I better go. The Mayer just arrived. Love you xoxoxoxoxox

We’re Better Than This

The Refugee people sent me a young mother today with her four-year-old child who had a cough.
She said: “Interrupter, please.”
I looked at her, not understanding.
“Needing interrupter. Not English.”
I preferred to have a go without an interpreter.
“You tell me, I listen” – I said.
“My child much coughing.”
I listened to the chest of the vivacious child whose smile would melt an official from Immigration and Border Protection. I looked at her throat, I felt her glands. She was well, simply suffering from a snot attack. I ordered an anti-snotic.
I addressed Mum: “From what country.”
“Iran.”
“Salaam.”
A look of surprise. A brilliant smile.
I hadn’t picked her nationality. Her peasant blouse, embroidered with edging of magenta and primrose, somehow made me expect she’d be Hazara. That and her creamy skin. Wrong.

“Are you a Permanent Resident?”
A shake of the head. “Commentary Detention.”
“Are you on a Bridging Visa?”
“No. Commentary. Not visa. Commentary Detention.”

“Ahh… community detention?”
Nodding, a smile, we two are doing well despite the lack of an interrupter. But the smile empty of joy.

“My husband, the police, make shee – you know, shee?” The young woman waves her hand in a whipping movement. “Shee. Sixty times, they make shee.”
The woman pulls out her phone, shows me a photo: an adult lies face down on a narrow bed. The creamy skin of a broad back, fine scarlet streaks, the skin must have been lashed with wires.

“They do this before five years. We are not marry, he is boyfriend. I have baby” – she points to her belly – “They tell, ‘You wait, you come after baby, you also sixty shee.’”

The young woman’s pregnancy approached its end, she was summoned to the police station, but fled here, arriving four years ago – pre-Rudd solution.
“My mother, police tell her ‘where is your daughter?’ Mother tell, ‘daughter in Australia.’
They say, ‘No is hiding. Is in Iran. Must come to police station, have shee.’ They call mother many times. She very scare.”

The daughter appears to believe full well the police intend to keep their promise.
So, the boat. Detention at Curtin, then in South Australia. ‘My baby, not Iran.” The smile, this one half-charged: “Born Darwin.”
 
Her visa is not permanent resident.
Her visa is not bridging.
Her visa is not.
She is community detention.
 
What are we that we might send her back?
 
Whom are we bombing in Syria and Iraq?
Why?
 
I believe it likely the tide of opinion will swing in Australia because we – not our leaders – are better than that.

http://wbttaus.org


http://m.youtube.com/watch?feature=youtu.be&v=tl19NhC0d78

Outrage at Whitegate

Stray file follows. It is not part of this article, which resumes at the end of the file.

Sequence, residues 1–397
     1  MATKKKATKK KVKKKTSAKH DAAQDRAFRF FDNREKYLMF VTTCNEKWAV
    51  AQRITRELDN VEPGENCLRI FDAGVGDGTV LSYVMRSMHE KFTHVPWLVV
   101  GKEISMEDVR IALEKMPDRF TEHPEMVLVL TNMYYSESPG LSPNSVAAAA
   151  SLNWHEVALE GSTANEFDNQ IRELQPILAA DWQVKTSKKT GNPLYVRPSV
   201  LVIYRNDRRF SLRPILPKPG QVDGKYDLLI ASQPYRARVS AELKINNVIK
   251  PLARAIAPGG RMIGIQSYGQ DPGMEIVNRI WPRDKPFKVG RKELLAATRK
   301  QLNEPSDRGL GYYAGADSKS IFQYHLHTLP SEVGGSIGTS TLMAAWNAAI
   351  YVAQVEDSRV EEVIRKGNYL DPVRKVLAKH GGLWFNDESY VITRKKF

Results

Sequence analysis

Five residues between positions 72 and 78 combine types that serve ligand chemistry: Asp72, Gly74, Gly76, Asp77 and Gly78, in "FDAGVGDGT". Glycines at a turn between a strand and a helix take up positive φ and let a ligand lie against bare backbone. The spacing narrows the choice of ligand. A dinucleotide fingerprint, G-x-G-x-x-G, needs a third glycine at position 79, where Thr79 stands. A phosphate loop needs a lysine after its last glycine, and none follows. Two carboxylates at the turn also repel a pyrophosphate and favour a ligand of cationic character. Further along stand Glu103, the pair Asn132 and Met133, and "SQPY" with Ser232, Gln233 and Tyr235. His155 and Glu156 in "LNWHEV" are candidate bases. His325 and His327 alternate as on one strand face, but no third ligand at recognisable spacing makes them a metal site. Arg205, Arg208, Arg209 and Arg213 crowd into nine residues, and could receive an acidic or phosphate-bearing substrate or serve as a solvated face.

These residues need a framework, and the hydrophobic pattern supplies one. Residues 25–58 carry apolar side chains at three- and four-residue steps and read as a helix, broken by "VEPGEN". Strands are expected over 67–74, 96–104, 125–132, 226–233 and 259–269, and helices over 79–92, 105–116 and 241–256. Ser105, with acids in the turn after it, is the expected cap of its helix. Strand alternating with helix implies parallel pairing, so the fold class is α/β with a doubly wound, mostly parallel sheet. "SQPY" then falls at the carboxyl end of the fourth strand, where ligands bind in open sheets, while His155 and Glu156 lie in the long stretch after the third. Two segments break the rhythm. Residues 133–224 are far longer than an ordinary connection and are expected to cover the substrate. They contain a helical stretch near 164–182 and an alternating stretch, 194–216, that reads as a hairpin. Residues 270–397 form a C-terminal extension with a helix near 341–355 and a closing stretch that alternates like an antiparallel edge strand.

A few weeks ago someone cut the water supply to a town camp on the outskirts of Alice Springs. The ‘camp’ belongs, by ancient practice and by government fiat, to a local clan of Aboriginal people, heirs to a tradition of tenure that goes back beyond white settlement, beyond the dawn of written history. Whitegate is far from how we might imagine a camp, being neither an attractive resort nor a place of refugees. Whitegate Town Camp is not in any sense a place of temporary habitation. It is habitat, it is country. It belongs to the Hayes clan as the clan belongs to Whitegate.

Governments wish to take over the camp, ostensibly to modernise and improve it. They seek to unseat tenure and replace this with long leases. The longest paper lease imaginable would be but momentary in the context and the conception of the Hayes family. Such paper devalues and threatens a connection which is inalienable in nature and beyond secular legal conception.

So someone cut the water supply. Just possibly the government is not responsible. Responsible or not, government could quickly supply water but this has not happened. Nor has repair of the camp’s long defunct solar generation. Whitegate, long a garden of neglect is now a wilderness, occupied by human Australians. Other Australians, notably whitefella writer-artist Rod Moss, supply water and burnable fuel for heating and cooking.

In the present historic moment of human barbarity it is noteworthy that none of the parties to the conflict in the Middle East – not even Assad’s Syria – has ever cut water supplies to its foe. Such an act seems to be beyond human imagining. Except in Alice Springs.

Actions to protest this barbarism will take place in coming days and weeks, actions that are notably harmonious in nature and intent, ‘Aboriginal way.’

How have we fallen so low?